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  • Location: New Braunfels, Texas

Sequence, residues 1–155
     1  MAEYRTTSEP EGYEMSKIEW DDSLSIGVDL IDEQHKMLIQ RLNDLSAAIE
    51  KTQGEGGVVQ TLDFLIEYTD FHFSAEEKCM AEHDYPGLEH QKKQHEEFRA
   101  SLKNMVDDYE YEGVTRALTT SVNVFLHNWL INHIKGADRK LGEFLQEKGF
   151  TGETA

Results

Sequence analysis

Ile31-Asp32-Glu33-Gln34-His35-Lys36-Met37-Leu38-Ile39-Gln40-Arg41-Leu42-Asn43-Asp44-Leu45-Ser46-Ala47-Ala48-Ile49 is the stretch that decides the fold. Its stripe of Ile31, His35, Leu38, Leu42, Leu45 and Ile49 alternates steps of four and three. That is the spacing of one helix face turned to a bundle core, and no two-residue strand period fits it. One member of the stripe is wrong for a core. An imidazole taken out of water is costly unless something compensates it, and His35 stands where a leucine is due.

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New Braunfels Herald Zeitung (Newspaper) - January 18, 2011, New Braunfels, Texas / ■ SOCCER, 6Canyon Cougarettes battle SA Roosevelt ■ SECUIN, 2'Crips' associates get 227 years in prison combined ■ INTERNATIONAL, 3Former dictator 'Baby Doc' returns to Haiti ► EDWARDS AQUIFER Edwards group proposes sales tax Levy would fund projects in Landa Park and beyond By Greg Bowen The Herald-Zeitung A sales tax is being proposed to help fund the expenses of the Edwards Aquifer Recovery Implementation Program, including projects to be built in Landa Park to protect endangered species. Annual expenses of the EAR IP are expected to amount to more than $31 million, according to Robert L Gulley, program manager for the EARIR The EARIP would ask the Legislature to create a regional taxing authority that would receive and distribute the tax, according to Gulley. Voters would be asked to approve the sales tax. The amount of the tax would be set by the state, but EARIP is seeking a one-eighth percent sales tax that would rise to one-quarter percent. New Braunfels currently levies a 1.5 percent sales tax and Comal County levies a .5 percent sales tax. The new sales tax would not affect the sales tax capacity or levels of local/municipal governments, according to Gulley. The counties that would be included in the proposed sales-tax district are yet to be determined, but would include the counties in the jurisdiction of the Edwards Aquifer Authority as well as additional counties. The EAA’s area spans 8,800 square miles across eight counties in south-central Texas, including the southern portion of Comal County, portions of Guadalupe, Hays, Atascosa and Caldwell counties, plus all of Bexar, Uvalde and Medina counties. The EARIP group has been See EARIP, Page 3 Vol. 158, No. 58 10 pages, 1 section Inside CLASSIFIEDS COMICS CROSSWORD FORUM OBITUARIES PLANNER SPORTS TV GRID TUESDAY JANUARY 18, 2011 Texas^|p Newspaper of the Year Serving New Braunfels and Comal County since 1852. 500 Woman killed on 1-35 Comal County resident struck while crossing highway LAURA McKENZIE Herald-Zeitung Emergency responders stand near one of the vehicles involved in Monday’s fatal accident on Interstate 35. By J. Louise Larson The Herald-Zeitung A minor accident turned to tragedy Monday night on Interstate 35. A Comal County woman was struck by a car and killed while trying to cross the freeway to exchange information after her vehicle was in a minor accident with another car near the Watson Lane exit. “One car pulled over to the left side of the road and one car pulled over to the right side of the road ... (the victim) was hit while trying to See ACCIDENT, Page 3 Fht Bulverde City Council prayed to Jesus, in some form, at each session. In America, this is wrong." - SANDI ROOT, wants Bulverde to stop saying Christian prayer before meetings PRAYER UNDER FIRE theTtarurf’a meeth?g in’Suh/erdef ^ '°Wertheir headS *S ^ Bill    JET Group: Bulverde Councils prayers unconstitutional By J. Louise Larson The Herald-Zeitung Bulverde—The tiny city of Bulverde, not even 15 years old — a baby by city government standards — has become a lightning rod for the issue of separation of church and state. In October, area resident Sandi Root invoked the help of a national organization, Americans United for the Separation of Church and State, in an effort to get the city council to end a tradition of using Christian A RESPONSE TO THE DEBATE Eric Lane, president of Americans United for Separation of Church and State, San Antonio Chapter, gives his view on the issue. Page 4. prayer to open meetings. “The Bulverde City Council prayed to Jesus, in some form, at each session. In America, this is wrong,” said Root, who lives in the Bulverde extra-territorial jurisdiction or ET]. “My take is that a majority must take responsibility and respect the views of others and encourage diversity and inclusiveness — not impose its religious beliefs upon others,” she said. City response After receiving a letter that threatened legal action if they didn’t cease the practice, the Bulverde council scrambled for options, said Mayor Bill Krawietz. Initially, Krawietz thought of a generic measure that might appease those who found sectarian prayer to be unconstitutional. “I thought it best just to stick with See PRAYER, Page 10 ► TEXAS BUDGET rp lexans await first draft of budget By April Castro Associated Press AUSTIN — Nursing homi administrators across the stati are worried they’ll soon havi to start turning out the elder ly. Community college presi dents don't know if they'l soon be closing their doors Wardens at prisons and juve nile lockups wonder which o them will survive the state': budget ax. The next Texas budge process ha There are no sacred cows ...We will be cutting every article within our budget.” just begur but the pos-sible outcome of a revenue shortfall between $15 billion and $27 billion will become much clearer this week as the first version of the budget is released.   Republican Rep. Jim Pitts, chairman of the House Appropriations Committee, is expected to release his proposed budget late Tuesday and explain it to the House on Wednesday. His baseline budget cuts $15 billion from the current budget, without using any tax increases or See BUDGET, Page 3 — Rep. Jim Pitts Chairman, House Appropriations Committee NBISD braces for new STAAR testing Sunny High Low 70 40 Details 10 ■56825 00001 WWW, _ 50 cents By Will Wright The Herald-Zeitung The New Braunfels Independent School District’s Board of Trustees received good news and bad news during its first meeting of 2011 Monday night. Assistant Superintendent Dr. Victoria Pursch provided both. She cited the district’s outstanding performance on the most recent round of state-mandated achievement tests, but warned of the dangers in store if the district doesn’t quickly step up its plan for a massive STAAR TEST Pick up the Friday edition of the Herald-Zeitung for an in-depth look at the STAAR test. change in the state's next foray into testing. The State of Texas Assessments of Academic Readiness (STAAR) exam will replace the Texas Assessment of Academic Knowledge and Skills (TAKS) test in phases over the next four years. Beginning next year, eighth-graders must pass it in order to enter ninth grade for the following school year. Cur rent sophomores, juniors and seniors will remain in TAKS testing. “This is a gigantic change for the way testing is done in the state,” said Pursch, who addressed trustees with the first of a three-part overview on the STAAR process. “There’s so much to it, and there’s a lot of information that is not yet available.” The Texas Education Agency is still revamping the state’s new accountability testing plan, See STAAR, Page 3 LAURA McKENZIE/Herald Zeit Students, school board members, New Braunfels Middle School principal John Burks and NBISD superintendent Randy Moczygemba officially break ground dur ing Monday's ceremony at the construction site of a new middle school 1400 block of Klein Road. in the Pleasft Uelp supporf,    POiwwmrLy    «tt'aréKftss - Donate to NIE Por wore information confaci, Taff Powlar 0 (tso) Ë1ULD ÉEITI1IMI» (Tinnii \n mow ;